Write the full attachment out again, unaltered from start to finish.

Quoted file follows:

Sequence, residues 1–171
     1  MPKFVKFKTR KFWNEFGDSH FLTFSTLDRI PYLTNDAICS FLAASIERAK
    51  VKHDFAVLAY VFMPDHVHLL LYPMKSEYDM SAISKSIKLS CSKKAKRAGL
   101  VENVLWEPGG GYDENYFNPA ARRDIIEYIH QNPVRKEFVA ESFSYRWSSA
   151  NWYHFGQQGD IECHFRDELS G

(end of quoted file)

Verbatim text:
Sequence, residues 1–171
     1  MPKFVKFKTR KFWNEFGDSH FLTFSTLDRI PYLTNDAICS FLAASIERAK
    51  VKHDFAVLAY VFMPDHVHLL LYPMKSEYDM SAISKSIKLS CSKKAKRAGL
   101  VENVLWEPGG GYDENYFNPA ARRDIIEYIH QNPVRKEFVA ESFSYRWSSA
   151  NWYHFGQQGD IECHFRDELS G